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And so he plays his part


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And so he plays his part theatrical prejudice and role-playing in As You Like It and King Lear
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Rutter, Erin
University of South Florida
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Antitheatrical prejudice
Dissertations, Academic -- English -- Masters -- USF   ( lcsh )
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ABSTRACT: Although most critics affirm the importance of interior direction and role-playing in many of Shakespeares plays, there is a considerable disagreement concerning the result of this role playing: does it lead to positive growth or to degeneration? Moreover, this debate is often associated with the sixteenth-century controversy about the role of the theater in society. Some moralists insist that the theater can be an instrument for instilling virtue while others view the theater as sinful, debasing, and a catalyst to social breakdown. In this thesis, I will explore the antitheatrical prejudice in the early modern era and show how Shakespeare responds and counters these arguments by creating characters in As You Like It and King Lear who employ theatrical means to experience identity formation and personal growth.Using Jonas Barishs The Antitheatrical Prejudice as my central source, I will explore the attacks against the theater, demonstrating how this opposition reverberates throughout the diatribes of early modern moralists, for whom role-playing and playgoing tend to rank abnormally high in the hierarchy of sins (Barish 80). Moreover, by expanding the criticism of Jean Howard and Susanne Wofford, I will explore Rosalinds role-playing as Ganymede in As You Like It and its success through the orchestrated marriages between herself and Orlando and Silvius and Phoebe. Also, throughout King Lear, Edgar takes on many different roles, at first to protect himself from Gloucester and later to pursue his own search for identity. Edgars complete assimilation of guises is a concrete refutation of the antitheatrical prejudices of the period.These impersonations demonstrate how role-playing can be a positive process, subversively suggesting that an individual person, not God, can define identity, that fulfilling a destiny is the province of each man or woman, and that mimicry can be constructive. In conclusion, therefore, in both of these plays Shakespeare explores the way in which the characters actions affirm or debunk the antitheatrical prejudice, countering the arguments of the antitheatrical pamphleteers by demonstrating that through drama individuals can explore and elucidate an indifferent world.
Thesis (M.A.)--University of South Florida, 2005.
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“And So He Plays His Part:” Theatrical Prejudice and Role-Playing in As You Like It and King Lear by Erin Rutter A thesis submitted in partial fulfilment of the requirements for the degree of Master of Arts Department of English College of Arts and Sciences University of South Florida Major Professor: Sara Munson Deats, Ph.D. Laura Runge, Ph.D. Lagretta Tallent Lenker, Ph.D. Date of Approval: November 8, 2005 Keywords: Shakespeare, Antitheatrical Prejudice, Mirandola, identity, Barish Copyright 2005, Erin Rutter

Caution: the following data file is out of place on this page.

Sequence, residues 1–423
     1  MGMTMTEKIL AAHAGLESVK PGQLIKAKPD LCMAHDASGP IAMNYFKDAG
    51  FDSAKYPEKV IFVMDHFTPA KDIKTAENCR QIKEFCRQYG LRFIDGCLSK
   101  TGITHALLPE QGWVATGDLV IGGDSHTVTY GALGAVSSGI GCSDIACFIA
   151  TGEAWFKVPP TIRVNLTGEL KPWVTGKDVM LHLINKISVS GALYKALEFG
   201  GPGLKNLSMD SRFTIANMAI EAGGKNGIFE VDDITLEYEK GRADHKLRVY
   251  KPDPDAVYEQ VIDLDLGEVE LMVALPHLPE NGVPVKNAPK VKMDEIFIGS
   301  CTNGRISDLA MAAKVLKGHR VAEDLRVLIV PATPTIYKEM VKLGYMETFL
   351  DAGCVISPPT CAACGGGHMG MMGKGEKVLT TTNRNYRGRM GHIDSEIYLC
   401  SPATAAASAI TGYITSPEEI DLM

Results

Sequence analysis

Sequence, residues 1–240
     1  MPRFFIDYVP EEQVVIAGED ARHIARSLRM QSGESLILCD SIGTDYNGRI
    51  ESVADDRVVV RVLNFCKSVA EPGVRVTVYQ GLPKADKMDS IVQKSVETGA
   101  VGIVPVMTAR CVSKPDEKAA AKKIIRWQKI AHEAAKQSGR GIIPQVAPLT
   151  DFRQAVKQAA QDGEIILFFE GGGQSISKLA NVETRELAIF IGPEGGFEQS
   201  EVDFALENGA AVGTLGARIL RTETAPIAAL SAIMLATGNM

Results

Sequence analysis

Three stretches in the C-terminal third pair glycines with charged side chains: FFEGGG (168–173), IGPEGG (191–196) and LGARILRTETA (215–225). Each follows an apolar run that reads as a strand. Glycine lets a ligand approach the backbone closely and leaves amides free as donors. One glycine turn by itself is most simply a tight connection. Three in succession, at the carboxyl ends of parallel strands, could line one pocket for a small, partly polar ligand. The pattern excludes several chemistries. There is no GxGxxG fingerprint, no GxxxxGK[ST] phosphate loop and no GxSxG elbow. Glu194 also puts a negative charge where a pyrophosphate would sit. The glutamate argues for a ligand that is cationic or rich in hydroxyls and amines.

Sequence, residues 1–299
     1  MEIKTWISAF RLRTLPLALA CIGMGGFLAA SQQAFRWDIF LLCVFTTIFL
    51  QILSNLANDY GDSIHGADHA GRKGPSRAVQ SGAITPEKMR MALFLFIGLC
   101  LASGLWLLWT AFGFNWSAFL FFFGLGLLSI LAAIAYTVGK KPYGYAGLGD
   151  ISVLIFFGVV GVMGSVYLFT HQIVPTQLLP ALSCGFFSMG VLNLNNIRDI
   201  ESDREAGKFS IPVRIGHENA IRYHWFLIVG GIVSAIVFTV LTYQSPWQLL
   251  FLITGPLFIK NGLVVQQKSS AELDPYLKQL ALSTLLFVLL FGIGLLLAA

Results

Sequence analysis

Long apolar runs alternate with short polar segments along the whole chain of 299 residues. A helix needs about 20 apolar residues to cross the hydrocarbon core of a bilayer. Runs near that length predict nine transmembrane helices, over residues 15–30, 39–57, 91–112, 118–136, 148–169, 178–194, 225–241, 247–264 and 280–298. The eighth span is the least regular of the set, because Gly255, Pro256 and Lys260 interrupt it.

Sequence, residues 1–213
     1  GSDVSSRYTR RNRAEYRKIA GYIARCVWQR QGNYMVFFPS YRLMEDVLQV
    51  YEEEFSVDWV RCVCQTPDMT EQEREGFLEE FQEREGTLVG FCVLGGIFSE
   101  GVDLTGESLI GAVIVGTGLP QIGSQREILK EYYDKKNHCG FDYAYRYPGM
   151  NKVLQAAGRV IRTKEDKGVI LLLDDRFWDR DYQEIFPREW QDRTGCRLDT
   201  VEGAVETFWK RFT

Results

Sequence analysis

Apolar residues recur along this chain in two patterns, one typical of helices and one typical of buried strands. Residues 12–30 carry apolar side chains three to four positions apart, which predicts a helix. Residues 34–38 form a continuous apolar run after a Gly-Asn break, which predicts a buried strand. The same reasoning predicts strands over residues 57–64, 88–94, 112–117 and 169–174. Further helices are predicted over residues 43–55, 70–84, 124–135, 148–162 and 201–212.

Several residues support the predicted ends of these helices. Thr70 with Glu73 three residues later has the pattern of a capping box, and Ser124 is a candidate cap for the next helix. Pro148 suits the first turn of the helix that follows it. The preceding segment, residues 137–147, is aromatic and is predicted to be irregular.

i Table of Contents Abstract Chapter One Introduction Chapter Two The Antitheatrical/Protheatrical Debate Historical Background of the Antitheatrical Movement Historical Background of the Protheatrical Movement Chapter Three As You Like It Critical History of As You Like It Positive Examples of Role-Playing in As You Like It Negative Examples of Role-Playing in As You Like It Chapter Four King Lear Critical History of King Lear Positive Examples of Role-Playing in King Lear Negative Examples of Role-Playing in King Lear Chapter Five Conclusion Works Cited ii 1 5 5 12 19 19 22 30 34 34 37 41 45 49


ii “And So He Plays His Part:” Theatrical Prejudice and Role-Playing in As You Like It and King Lear Erin Rutter ABSTRACT Although most critics affirm the importance of interior direction and role-playing in many of Shakespeare’s plays, there is a considerable disagreement concerning the result of this role playing: does it lead to positive growth or to degeneration? Moreover, this debate is often associated with the sixteenth-century controversy about the role of the theater in society. Some moralists insist that the theater can be an instrument for instilling virtue while others view the theater as sinful, debasing, and a catalyst to social breakdown. In this thesis, I will explore the antitheatrical prejudice in the early modern era and show how Shakespeare responds and counters these arguments by creating characters in As You Like It and King Lear who employ theatrical means to experience identity formation and personal growth. Using Jonas Barish’s The Antitheatrical Prejudice as my central source, I will explore the attacks against the theater, demonstrating how this opposition reverberates throughout the diatribes of early modern moralists, for whom role-playing and “playgoing tend to rank abnormally high in the hierarchy of sins” (Barish 80). Moreover, by expanding the criticism of Jean Howard and Susanne Wofford, I will explore Rosalind’s role-playing as Ganymede in As You Like It and its success through the orchestrated marriages between herself and Orlando and Silvius and Phoebe. Also,